The Disorganised Mother’s Guide To Money Saving

Two months have passed since I pledged that this year would be the year that I took control of my finances, the year that I made changes and spent less, the year that I organised my home and my life. I’m disorganised, I like to wing it and I have a tendency to leave things until the very last minute, but now that I no longer have a guaranteed monthly income Spencer and I really do need to be sensible and save ourselves some money. We like the finer things in life and so we want to spend less money without compromising on style, taste or our lifestyle.

It hasn’t been easy but we have implemented a few simple changes which I believe have saved us money. Now don’t get me wrong, we aren’t saints, we’ve had quite a few major cock ups where frivolous Leanne has reared her head and come out to play. Like yesterday, when I bought Aria a pair of £25 Vans because they were cute (wait until you see them, they’re adorable!). I justified it because her feet have only grown by half a size in a year so they will last her ages. Things like this aren’t sensible and aren’t how to save money.

Moments like the above are exactly why I need to save money on the everyday, mundane things. Things like food shopping and home essentials.

My main goal was to start food planning, this would result in less food waste, money saved and a healthier diet. I’ll hold my hands up and admit that since publishing that post I have done a complete total of two meal plans. Shocking I know. BUT we have still managed to get a little more organised in that department and save money. Instead of just having no food in and ordering a takeaway I will now go for a walk up to the local co-op to pick something up for tea, granted, their prices are a little higher than the supermarket but it is still cheaper and healthier than ordering a takeaway. Another thing that we have started doing on the rare occasion that we actually make it to the supermarket is buying several seasoning sachets and then following the shopping lists on these, completely winging it but we have delicious home cooked meals without spending a fortune. On the occasions that I manage to meal plan I tend to do an on-line shop. I compose a meal plan on the notes on my iPhone, make a list of the ingredients, check off what we already have in the cupboards and then place an order on-line. I order it to be delivered on a day that I am working from home so that I can opt for flexi delivery and save a little more money.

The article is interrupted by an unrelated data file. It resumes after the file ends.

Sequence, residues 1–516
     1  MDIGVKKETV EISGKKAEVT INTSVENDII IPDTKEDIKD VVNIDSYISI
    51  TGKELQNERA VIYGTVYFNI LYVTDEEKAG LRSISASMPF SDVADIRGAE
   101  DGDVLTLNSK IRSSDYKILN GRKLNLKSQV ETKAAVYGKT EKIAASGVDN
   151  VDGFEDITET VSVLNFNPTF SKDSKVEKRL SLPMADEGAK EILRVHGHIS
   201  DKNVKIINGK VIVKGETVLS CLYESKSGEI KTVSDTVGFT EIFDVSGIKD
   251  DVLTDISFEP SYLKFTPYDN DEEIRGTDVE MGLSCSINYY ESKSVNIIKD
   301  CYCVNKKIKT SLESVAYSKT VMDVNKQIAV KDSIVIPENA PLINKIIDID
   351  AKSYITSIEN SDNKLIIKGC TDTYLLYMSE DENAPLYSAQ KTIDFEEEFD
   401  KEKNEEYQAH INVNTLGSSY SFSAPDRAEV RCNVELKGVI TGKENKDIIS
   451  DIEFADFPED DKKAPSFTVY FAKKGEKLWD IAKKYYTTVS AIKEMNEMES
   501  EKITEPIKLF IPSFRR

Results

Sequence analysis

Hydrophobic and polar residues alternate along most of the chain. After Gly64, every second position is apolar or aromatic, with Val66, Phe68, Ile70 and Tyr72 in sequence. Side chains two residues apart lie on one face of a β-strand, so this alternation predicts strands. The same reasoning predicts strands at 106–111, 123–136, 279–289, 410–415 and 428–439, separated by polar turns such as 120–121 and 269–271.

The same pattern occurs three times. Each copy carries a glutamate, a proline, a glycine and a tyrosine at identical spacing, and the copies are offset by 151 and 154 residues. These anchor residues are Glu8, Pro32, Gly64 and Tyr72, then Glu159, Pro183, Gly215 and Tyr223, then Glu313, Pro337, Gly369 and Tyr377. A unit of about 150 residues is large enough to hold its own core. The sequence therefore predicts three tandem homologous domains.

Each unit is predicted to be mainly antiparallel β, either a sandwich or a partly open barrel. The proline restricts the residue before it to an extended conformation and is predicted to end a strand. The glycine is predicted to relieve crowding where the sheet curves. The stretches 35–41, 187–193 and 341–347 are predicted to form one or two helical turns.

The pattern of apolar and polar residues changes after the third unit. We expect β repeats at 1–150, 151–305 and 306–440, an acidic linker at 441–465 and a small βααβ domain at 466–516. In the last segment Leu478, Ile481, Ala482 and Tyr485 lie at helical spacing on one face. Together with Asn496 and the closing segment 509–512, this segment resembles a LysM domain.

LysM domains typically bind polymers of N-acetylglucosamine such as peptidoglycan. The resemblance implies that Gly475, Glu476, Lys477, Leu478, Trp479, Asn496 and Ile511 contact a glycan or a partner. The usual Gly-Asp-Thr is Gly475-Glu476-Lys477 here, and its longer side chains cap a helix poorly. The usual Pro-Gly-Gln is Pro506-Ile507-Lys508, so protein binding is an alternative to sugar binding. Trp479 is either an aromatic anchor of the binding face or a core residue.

Another major change that we are implementing is switching to LED lighting. The #LEDeasy campaign from the lighting superstore has really opened my eyes to the benefits of switching, not just for financial reasons but also for environmental reasons. LED lights last an average of 11,000 hours, they are energy efficient and (the photographer in me loves this) you can choose the level of warmth, bye bye tungsten induced yellow tinted indoor photos!

We’re never going to be a frugal family, but we’re getting there.

*Collaborative Post*

Can You Feed Your Family For Just £2 A Day?

When Voucherbox got in touch to ask if I would like to take part in their £2 food challenge I couldn’t resist, I love food, I love a challenge and I love saving money! For this challenge Voucherbox have teamed up with Zamcog to help support Zambia’s most at risk children through food and education. They are challenging families to feed their family for just £2 per head for a day. Giving our family of three a total budget of £6 for breakfast, lunch, dinner and snacks.

can you feed your family for just £2 a day? Join the budget food challenge with voucherbox and zamcog

It is difficult to believe how much of a struggle this challenge was, especially when you consider that it costs just £2 a day to both feed and educate a child in Zambia. I’ll be honest, I thought that this would be easily doable, but I was wrong. There was a lot of fiddling around with my meal plan in order to try and eat filling, healthy meals while keeping the costs down.

So, what did we eat and how much did we spend? We spent a total of £5.79, which gave us three healthy meals, a snack and a pudding and some change!

Breakfast – Porridge & milk – £0.54
Tesco Everyday Value Oats 1kg 75p || Approx 120g = 9p
One pint milk 45pLunch – Ham salad sandwich – £1.72
Tesco white Danish bread 45p || Approx half the loaf = 23p
Tesco Everyday Value Ham 60p
Nightingale Farms Round Lettuce 40p
Tesco Cucumber Portion 24p
Nightingale Farms Cherry Tomatoes 49p || Approx half used = 25p

Tea – Spag Bol & garlic bread – £2.99
Tesco Beef Steak Mince 250g £2.00
Tesco Everyday Value Chopped Tomatoes 31p
Onion 16p
Tesco Large Garlic 50p || Two cloves used, approx = 10p
Tesco Everyday Value Spaghetti 500g 20p || Approx half used = 10p
Tesco Everyday Value Garlic Baguette 32p

Snacks – 54p
Tesco Everyday Value Chocolate Mousse 20p || 3 out of 4 used = 15p
Tesco Loose Bananas 13p x 3 = 39p

My top tips for feeding your family on a budget are to shop the stores own brands, they are usually just as nice as the premium brands for a fraction of the price, and to buy things that can be used for various meals throughout the week, for example the large bag of porridge will see us through breakfasts for quite a while.

You can read more about the campaign here, where you will also find details of how to take part yourself.

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Can you feed your family for just £2 a day? The answer is yes! Find out how with this meal plan and shopping list.


*In collaboration with and Zamcog*